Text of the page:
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A collection of over 200 islands, many uninhabited, the Outer Hebrides is a remote, peaceful area, where Gaelic remains the first language of the majority of the population and things rarely happen quickly.

Stornaway on Lewis is the only settlement of any size but has little to offer tourists. The small, traditional fishing and crofting villages are more appealing.

Most people come here to explore the great outdoors and revel in the wind and rain-swept remoteness of these far-flung islands. Western Lewis has some of the finest scenery in the area – inviting hills, pretty lochs and sandy beaches – as well as some of the islands’ most impressive and atmospheric pre-historic sites. Several restored ‘Blackhouses’ provide a fascinating insight into how life used to be on these remote islands.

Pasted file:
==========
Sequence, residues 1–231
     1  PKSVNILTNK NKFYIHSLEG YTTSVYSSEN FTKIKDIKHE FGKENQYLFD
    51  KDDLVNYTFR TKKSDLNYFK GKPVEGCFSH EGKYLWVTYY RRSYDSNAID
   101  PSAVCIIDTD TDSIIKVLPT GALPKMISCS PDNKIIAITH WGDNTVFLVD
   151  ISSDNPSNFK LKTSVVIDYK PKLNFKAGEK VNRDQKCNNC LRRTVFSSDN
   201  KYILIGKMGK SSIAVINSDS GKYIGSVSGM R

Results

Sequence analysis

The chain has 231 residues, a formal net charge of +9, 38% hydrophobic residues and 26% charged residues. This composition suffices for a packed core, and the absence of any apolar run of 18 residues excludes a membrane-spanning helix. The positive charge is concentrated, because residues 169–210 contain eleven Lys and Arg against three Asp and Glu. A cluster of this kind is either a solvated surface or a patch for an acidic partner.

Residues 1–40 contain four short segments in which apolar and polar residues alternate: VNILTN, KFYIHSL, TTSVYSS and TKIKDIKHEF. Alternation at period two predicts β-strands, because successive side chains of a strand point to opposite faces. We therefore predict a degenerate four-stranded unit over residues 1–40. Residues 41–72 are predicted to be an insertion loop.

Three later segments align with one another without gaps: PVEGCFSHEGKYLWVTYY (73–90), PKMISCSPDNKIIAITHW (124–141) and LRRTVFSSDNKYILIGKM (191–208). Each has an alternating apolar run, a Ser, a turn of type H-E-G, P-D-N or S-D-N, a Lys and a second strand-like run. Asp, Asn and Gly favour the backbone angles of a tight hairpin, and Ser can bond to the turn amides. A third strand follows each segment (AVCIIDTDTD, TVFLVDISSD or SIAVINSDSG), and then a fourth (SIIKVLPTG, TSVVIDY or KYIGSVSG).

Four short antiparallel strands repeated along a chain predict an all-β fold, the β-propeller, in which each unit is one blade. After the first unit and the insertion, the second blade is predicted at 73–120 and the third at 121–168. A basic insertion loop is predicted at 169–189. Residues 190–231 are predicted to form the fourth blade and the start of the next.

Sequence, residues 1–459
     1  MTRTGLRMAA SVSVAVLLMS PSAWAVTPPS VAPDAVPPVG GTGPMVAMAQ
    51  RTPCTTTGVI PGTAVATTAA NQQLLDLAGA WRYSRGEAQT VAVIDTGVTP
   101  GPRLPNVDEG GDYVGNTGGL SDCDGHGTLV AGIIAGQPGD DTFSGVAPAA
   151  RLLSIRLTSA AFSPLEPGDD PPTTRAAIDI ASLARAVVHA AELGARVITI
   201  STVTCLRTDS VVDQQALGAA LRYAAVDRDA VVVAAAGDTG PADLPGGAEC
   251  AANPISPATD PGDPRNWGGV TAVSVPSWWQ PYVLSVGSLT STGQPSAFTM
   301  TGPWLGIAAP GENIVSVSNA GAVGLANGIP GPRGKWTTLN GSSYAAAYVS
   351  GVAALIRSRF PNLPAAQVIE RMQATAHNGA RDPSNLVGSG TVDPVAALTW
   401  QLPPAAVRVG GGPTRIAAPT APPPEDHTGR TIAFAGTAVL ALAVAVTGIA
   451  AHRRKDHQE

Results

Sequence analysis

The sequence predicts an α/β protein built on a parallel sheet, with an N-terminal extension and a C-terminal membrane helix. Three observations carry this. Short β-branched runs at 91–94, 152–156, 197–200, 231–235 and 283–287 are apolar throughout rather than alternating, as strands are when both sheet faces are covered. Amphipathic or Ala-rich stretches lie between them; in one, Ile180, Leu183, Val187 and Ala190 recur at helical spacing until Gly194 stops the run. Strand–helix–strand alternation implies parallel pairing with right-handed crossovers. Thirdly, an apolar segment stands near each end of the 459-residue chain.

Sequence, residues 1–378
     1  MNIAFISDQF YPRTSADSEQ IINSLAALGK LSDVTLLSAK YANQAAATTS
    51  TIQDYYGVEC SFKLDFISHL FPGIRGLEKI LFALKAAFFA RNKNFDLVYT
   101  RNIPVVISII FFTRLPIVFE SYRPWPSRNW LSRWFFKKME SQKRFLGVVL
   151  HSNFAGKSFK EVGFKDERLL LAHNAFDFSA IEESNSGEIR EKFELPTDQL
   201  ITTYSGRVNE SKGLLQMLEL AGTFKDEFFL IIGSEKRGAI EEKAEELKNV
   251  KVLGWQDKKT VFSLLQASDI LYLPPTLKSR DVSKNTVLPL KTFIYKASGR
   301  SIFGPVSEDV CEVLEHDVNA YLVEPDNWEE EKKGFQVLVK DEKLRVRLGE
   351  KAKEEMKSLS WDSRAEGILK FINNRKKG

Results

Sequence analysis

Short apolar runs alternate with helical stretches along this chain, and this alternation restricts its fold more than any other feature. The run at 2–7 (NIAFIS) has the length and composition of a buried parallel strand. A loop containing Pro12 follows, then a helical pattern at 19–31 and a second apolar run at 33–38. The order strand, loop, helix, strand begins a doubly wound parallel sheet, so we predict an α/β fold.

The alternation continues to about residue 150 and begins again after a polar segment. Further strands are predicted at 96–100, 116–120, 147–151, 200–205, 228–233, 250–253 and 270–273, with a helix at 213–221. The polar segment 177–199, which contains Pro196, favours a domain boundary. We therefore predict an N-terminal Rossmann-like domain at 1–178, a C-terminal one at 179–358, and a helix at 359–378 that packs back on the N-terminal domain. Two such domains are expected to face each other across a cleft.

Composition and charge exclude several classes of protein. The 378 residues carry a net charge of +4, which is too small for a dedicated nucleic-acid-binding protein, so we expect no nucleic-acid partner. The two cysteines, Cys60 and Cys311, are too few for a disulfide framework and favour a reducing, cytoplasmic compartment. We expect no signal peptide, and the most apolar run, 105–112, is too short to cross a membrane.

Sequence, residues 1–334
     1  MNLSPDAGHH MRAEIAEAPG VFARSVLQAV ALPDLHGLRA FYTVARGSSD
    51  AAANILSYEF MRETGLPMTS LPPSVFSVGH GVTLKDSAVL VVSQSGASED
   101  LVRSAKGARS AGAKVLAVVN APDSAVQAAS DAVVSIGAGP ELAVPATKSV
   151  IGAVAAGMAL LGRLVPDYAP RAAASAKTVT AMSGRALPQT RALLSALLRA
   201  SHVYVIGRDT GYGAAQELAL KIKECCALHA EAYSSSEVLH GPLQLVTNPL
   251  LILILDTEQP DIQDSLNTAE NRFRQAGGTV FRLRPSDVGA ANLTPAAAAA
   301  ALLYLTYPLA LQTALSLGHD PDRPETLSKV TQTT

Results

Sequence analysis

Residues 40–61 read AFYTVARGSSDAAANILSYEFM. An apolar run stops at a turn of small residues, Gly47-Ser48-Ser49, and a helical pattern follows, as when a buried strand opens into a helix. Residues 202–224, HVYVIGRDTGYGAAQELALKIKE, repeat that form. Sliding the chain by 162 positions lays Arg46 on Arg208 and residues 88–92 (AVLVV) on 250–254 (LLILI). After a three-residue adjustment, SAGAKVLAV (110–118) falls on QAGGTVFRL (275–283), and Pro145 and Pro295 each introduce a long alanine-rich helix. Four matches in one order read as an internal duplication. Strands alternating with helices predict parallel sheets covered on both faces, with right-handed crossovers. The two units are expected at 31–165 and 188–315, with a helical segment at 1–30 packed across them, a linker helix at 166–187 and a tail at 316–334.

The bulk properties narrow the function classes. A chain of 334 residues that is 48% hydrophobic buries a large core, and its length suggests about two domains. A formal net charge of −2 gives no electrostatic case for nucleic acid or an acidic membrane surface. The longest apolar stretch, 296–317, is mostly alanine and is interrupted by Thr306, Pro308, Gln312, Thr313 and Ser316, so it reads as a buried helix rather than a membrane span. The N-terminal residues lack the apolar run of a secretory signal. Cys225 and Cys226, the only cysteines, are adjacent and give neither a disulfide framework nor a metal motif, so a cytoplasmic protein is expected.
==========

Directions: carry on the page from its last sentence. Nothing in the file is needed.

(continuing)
Further south, Harris is probably the most beautiful area in the Outer Hebrides and is popular with walkers and climbers. The Uists offer long stretches of stunning beach, many inland lochs, good walking and some pleasant villages. North Uist in particular is a haven for bird watchers.

Little Barra, at the southern tip of the region, makes a good, manageable introduction to the area and offers a little bit of everything: manageable hills, good, sandy beaches, prehistoric sites, castle ruins and friendly locals.

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